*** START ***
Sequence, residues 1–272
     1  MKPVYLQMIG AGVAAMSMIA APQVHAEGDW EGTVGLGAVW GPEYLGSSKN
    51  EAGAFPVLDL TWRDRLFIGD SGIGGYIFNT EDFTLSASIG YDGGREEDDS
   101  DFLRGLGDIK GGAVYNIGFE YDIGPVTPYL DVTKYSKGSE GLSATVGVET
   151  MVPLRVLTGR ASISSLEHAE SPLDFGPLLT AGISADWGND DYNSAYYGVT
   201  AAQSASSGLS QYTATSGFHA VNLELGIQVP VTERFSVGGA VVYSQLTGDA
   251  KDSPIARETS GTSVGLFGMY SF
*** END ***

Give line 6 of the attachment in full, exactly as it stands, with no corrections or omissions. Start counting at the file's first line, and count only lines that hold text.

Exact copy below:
   201  AAQSASSGLS QYTATSGFHA VNLELGIQVP VTERFSVGGA VVYSQLTGDA